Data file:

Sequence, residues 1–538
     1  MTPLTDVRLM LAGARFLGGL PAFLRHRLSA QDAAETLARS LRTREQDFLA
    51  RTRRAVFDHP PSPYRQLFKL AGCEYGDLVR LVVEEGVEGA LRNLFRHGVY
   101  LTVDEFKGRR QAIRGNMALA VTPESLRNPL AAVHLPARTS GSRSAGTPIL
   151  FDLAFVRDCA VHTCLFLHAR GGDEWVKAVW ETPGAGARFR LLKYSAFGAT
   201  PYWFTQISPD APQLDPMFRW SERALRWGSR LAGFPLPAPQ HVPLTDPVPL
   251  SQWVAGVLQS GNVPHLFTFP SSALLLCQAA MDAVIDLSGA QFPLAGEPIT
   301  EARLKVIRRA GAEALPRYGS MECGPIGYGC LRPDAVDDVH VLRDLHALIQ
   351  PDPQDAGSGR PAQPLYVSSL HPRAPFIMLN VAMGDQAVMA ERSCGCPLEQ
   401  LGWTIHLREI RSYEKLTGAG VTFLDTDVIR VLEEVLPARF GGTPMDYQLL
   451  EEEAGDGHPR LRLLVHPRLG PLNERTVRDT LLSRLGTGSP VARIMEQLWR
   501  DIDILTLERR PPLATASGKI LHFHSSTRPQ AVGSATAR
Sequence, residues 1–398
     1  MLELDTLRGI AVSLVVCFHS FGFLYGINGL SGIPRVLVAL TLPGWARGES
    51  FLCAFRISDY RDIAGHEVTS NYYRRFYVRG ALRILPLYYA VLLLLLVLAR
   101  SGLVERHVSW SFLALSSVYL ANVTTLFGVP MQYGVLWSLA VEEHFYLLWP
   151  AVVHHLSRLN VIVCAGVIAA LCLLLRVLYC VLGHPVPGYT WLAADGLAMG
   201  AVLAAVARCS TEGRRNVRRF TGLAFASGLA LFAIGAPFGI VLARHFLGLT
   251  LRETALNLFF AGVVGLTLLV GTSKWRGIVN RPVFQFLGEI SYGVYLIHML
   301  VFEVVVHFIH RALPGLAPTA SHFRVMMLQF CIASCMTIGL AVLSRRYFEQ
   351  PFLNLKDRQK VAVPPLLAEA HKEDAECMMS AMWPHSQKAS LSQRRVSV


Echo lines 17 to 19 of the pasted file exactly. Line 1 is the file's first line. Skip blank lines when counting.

   151  AVVHHLSRLN VIVCAGVIAA LCLLLRVLYC VLGHPVPGYT WLAADGLAMG
   201  AVLAAVARCS TEGRRNVRRF TGLAFASGLA LFAIGAPFGI VLARHFLGLT
   251  LRETALNLFF AGVVGLTLLV GTSKWRGIVN RPVFQFLGEI SYGVYLIHML